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The WTA has called for an investigation after Chinese tennis player Peng Shuai seemingly vanished following disturbing allegations of sexual assault against a former vice premier.
Peng, one of China's biggest sporting stars, reportedly hasn't been seen or heard from for 10 days after earlier this month claiming Zhang Gaoli coerced her into sex.
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Peng alleged on her Weibo social media account on November 2 that Gaoli, who became a member of the Politburo Standing Committee - China's top decision-making body - forced her into having sex despite repeated refusals following a round of tennis three years ago.
Her post also said they had sex once seven years ago and she had feelings for him after that.
Peng said in the post, which was deleted around half an hour after it was published, that she could provide no evidence to back her allegations.
China's internet is heavily censored and the private lives of top leaders are an especially sensitive subject.
Concerns among the global tennis community have grown in the past two weeks as Peng has not been seen since the post.
The WTA said in a statement on Sunday that it will seek a "full, fair and transparent investigation into sexual assault allegations against the former Chinese leader".
"The recent events in China concerning WTA player, Peng Shuai, are of deep concern," said WTA Tour chairman and CEO Steve Simon.
“Peng Shuai, and all women, deserve to be heard, not censored.
"Her accusation about the conduct of a former Chinese leader involving a sexual assault must be treated with the utmost seriousness.
"In all societies, the behaviour she alleges that took place needs to be investigated, not condoned or ignored.
"We commend Peng Shuai for her remarkable courage and strength in coming forward. Women around the world are finding their voices so injustices can be corrected.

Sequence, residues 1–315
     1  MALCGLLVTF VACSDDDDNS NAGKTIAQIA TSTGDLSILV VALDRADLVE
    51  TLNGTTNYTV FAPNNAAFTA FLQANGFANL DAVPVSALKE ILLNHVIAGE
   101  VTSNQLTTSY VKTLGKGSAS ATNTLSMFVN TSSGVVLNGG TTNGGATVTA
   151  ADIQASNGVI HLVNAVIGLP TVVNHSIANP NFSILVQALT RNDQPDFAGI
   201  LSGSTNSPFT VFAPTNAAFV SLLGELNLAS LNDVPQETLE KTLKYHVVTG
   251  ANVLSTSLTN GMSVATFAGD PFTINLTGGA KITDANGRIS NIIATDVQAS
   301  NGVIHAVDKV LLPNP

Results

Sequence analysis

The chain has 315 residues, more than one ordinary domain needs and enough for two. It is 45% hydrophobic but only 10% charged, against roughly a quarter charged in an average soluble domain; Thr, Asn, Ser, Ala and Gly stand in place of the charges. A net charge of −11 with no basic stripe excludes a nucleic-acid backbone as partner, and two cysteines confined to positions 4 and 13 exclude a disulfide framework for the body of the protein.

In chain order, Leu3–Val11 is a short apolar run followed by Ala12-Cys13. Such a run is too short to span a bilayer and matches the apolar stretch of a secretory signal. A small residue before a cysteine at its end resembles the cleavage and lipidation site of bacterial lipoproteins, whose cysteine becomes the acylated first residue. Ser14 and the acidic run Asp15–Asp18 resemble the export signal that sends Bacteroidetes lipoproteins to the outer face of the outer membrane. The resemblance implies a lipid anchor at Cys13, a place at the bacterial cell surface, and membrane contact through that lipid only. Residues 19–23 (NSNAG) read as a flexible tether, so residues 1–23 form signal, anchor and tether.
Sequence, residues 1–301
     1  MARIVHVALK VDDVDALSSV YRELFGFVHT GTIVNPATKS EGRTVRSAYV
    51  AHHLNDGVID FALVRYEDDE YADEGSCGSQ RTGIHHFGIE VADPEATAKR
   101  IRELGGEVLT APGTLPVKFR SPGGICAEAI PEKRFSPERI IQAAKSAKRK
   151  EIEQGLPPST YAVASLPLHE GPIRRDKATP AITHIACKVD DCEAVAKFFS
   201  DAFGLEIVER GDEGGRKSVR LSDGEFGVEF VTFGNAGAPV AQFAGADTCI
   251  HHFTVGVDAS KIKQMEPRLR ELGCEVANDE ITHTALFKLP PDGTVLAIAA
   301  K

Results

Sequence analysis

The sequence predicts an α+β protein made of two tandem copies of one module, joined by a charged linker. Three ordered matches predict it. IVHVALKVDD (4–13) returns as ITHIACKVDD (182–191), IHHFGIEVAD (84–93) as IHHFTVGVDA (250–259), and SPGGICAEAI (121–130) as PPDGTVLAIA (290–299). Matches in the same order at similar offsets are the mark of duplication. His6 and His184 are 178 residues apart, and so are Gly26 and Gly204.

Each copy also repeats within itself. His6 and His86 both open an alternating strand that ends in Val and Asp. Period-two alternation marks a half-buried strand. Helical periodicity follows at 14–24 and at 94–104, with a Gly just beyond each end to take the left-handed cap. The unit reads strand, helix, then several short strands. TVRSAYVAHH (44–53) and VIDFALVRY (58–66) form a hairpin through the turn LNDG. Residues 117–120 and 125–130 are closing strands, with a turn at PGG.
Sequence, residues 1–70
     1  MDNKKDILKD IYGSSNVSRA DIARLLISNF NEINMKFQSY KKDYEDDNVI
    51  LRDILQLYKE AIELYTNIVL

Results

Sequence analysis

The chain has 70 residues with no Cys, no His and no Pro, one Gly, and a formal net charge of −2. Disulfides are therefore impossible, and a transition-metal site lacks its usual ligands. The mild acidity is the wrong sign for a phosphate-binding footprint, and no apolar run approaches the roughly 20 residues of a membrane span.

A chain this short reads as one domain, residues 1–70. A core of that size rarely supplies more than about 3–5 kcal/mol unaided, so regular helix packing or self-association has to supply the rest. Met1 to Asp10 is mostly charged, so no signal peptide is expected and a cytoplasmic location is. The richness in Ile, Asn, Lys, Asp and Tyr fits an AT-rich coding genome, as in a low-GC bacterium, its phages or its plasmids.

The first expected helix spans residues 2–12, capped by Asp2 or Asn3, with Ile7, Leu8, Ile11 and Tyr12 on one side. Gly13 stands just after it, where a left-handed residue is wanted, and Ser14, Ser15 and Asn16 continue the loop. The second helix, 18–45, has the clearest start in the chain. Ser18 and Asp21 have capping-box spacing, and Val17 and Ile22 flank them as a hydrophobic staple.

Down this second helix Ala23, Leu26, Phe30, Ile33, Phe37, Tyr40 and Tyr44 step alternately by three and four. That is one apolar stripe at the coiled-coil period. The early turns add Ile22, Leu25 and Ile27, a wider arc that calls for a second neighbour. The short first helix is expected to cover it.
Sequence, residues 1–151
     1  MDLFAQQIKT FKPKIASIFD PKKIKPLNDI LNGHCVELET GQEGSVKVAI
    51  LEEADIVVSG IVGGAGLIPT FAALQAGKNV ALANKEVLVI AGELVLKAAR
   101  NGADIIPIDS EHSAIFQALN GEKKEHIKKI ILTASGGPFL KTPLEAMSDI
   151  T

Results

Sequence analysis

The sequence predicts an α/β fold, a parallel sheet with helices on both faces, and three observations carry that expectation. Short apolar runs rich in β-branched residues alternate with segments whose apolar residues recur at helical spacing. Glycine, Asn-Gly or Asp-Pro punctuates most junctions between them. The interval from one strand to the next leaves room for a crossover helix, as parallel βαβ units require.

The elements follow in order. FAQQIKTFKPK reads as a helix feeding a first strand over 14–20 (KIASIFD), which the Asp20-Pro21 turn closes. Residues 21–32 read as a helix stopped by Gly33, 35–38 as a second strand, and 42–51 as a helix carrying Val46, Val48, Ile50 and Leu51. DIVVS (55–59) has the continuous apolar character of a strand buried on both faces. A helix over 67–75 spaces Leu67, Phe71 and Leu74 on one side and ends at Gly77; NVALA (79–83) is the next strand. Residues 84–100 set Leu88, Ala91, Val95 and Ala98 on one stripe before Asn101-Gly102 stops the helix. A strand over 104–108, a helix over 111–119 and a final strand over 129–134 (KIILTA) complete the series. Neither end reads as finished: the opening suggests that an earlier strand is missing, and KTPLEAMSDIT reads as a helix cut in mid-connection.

“We expect this issue to be handled properly, meaning the allegations must be investigated fully, fairly, transparently and without censorship."
Tennis world expresses concerns for Peng Shuai
Tennis great Chris Evert was among the many to express their concerns for Peng.
“Yes, these accusations are very disturbing,” Evert tweeted on Sunday.
“I’ve known Peng since she was 14; we should all be concerned; this is serious; where is she? Is she safe? Any information would be appreciated.”
French player Nicholas Mahut tweeted: “The fact that Peng Shuai is missing is not only the WTA’s problem. We are all concerned."
While British star Liam Broady wrote: “I can’t believe that this is even happening in the 21st century.”
Peng became the World No.1 doubles player in 2014, the first Chinese player to achieve a top ranking.
She has won 23 tour-level doubles titles, including at Wimbledon in 2013 and the French Open in 2014.
The 35-year-old was a semi-finalist in singles at the US Open in 2014.
Her accusation was the first against a prominent government official since the #MeToo movement took hold in China in 2018 before being largely tamped down by authorities the same year.
In the post, Peng wrote that Zhang, now 75, and his wife arranged to play tennis in Beijing about three years ago and that he later brought her into a room at his home where the assault occurred.
“I was so frightened that afternoon, never thinking that this thing could happen,” the post said.
Zhang retired in 2018 and has largely disappeared from public life, as is usual with former Chinese officials.
Hoping that Peng Shuai is found safe and that her accusations are fully investigated. pic.twitter.com/E9z3kjOOgS
— Billie Jean King (@BillieJeanKing) November 14, 2021
Yes, these accusations are very disturbing. I’ve known Peng since she was 14; we should all be concerned; this is serious; where is she? Is she safe? Any information would be appreciated.🙏 https://t.co/RH0aYCDqQm
— Chris Evert (@ChrissieEvert) November 14, 2021
— Nico Mahut (@nmahut) November 14, 2021
This is shocking, frightening story.
It reports that: ‘A Chinese tennis player (Peng Shuai) has vanished a week after accusing the country's former vice premier of sexual abuse.’https://t.co/CUJOjFyDBl
— The Tennis Podcast (@TennisPodcast) November 14, 2021
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